‘‘Particular attention was paid to the serious challenges posed by the current political situation and the recent clashes that occurred in the country,” the Vatican said in a statement.
The meeting touched on the need to restore civil coexistence to the country’s east, which has been plagued by rebel attacks in the recent past. The increased contribution of the Catholic Church in the areas of education, health and poverty reduction was also discussed.
Last week, the Catholic bishops have announced that they are backing away temporarily from the national dialogue on elections, as tensions mount in the troubled African country.
The Catholic bishops had originally supported the national dialogue, as a means of avoiding violence and conflicts over proposals for a new constitution, complaints of human-rights violations, and the push to re-elect President Joseph Kabila.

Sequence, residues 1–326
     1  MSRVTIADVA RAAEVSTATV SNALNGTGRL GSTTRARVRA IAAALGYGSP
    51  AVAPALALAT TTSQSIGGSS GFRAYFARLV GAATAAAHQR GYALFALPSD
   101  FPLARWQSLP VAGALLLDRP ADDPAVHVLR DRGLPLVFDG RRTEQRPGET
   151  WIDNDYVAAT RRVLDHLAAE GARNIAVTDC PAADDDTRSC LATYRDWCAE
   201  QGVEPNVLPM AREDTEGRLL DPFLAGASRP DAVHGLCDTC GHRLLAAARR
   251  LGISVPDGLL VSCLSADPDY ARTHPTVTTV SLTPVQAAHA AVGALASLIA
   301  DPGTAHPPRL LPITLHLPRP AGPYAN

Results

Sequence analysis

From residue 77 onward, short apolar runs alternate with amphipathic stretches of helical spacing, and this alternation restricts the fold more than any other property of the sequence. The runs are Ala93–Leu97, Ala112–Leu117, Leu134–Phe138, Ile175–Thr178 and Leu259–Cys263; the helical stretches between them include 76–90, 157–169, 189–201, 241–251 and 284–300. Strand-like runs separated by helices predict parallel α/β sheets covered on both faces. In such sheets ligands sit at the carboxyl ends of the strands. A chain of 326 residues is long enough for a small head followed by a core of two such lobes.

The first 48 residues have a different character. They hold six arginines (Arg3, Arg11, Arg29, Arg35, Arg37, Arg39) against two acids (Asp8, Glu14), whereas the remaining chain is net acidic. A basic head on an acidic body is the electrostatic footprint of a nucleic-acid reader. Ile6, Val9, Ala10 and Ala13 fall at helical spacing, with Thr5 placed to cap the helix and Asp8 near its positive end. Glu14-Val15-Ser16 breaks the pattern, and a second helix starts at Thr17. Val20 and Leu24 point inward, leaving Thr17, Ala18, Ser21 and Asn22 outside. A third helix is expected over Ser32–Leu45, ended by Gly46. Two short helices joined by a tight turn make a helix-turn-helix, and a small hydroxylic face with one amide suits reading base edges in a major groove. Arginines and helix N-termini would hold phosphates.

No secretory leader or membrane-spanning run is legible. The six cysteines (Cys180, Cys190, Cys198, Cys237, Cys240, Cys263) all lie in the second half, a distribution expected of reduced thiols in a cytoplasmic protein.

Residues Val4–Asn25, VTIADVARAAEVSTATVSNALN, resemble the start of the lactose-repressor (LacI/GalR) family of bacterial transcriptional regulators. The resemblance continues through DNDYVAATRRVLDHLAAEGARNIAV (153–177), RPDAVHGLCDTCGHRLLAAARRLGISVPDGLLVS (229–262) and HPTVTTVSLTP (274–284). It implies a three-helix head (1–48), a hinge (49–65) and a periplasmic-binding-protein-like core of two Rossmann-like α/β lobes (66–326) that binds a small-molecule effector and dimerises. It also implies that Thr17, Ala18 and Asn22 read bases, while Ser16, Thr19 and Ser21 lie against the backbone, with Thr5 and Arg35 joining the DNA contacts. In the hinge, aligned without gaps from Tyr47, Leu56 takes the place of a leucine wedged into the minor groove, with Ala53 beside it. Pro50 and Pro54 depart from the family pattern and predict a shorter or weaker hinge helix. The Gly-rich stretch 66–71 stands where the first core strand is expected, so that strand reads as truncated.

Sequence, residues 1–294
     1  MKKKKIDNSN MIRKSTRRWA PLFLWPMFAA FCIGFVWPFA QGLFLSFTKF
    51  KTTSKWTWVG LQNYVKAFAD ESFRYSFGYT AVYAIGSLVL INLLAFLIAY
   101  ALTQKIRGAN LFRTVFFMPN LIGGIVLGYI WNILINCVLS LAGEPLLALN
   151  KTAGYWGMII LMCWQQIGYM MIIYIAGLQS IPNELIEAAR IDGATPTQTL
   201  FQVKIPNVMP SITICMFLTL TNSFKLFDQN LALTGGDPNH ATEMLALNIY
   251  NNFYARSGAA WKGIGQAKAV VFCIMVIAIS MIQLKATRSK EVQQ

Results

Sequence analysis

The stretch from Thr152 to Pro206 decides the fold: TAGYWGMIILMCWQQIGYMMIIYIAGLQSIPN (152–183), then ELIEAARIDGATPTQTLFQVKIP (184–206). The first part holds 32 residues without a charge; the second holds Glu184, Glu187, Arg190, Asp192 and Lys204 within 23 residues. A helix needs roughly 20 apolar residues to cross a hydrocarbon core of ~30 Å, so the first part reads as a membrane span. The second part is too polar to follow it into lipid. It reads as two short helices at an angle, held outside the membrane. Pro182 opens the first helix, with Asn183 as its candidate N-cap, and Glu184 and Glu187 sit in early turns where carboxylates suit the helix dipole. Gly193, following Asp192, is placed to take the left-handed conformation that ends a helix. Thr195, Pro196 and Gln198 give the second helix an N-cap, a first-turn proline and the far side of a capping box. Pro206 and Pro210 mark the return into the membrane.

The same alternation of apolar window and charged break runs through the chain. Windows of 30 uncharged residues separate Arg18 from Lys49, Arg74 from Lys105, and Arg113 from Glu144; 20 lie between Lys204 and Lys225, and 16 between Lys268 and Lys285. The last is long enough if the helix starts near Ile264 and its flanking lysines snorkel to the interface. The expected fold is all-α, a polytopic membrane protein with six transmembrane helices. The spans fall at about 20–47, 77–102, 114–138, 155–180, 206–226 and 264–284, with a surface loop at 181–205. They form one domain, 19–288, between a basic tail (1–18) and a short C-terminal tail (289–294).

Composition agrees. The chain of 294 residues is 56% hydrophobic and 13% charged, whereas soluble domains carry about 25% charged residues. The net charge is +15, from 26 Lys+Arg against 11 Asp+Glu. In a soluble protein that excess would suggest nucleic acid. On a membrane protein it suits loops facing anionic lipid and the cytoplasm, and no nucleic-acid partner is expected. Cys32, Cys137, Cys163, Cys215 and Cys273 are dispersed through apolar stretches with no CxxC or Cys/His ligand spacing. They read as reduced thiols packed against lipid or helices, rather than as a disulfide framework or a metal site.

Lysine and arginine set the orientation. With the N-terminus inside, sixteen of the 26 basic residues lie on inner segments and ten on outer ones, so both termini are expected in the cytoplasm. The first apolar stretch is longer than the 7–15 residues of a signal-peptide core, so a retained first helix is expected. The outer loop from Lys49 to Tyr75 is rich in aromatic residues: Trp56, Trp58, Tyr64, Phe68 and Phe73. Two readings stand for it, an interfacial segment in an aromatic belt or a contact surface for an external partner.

But Archbishop Marcel Utembi, the president of the Congo episcopal conference, told Vatican Radio that the bishops felt it appropriate to suspend their participation in the talks for an indefinite period, as they mourn the more than 50 people killed in violent confrontations in Kinshasa, the nation’s capital.
Congo is scheduled to hold elections in November, after which Kabila, in power since 2001, is supposed to step down, but the polls may be delayed because preparations are not on schedule. The church, a powerful force in the central African nation where more than 40 percent of the population is Catholic, has repeatedly called on Kabila to leave office at the end of his second term.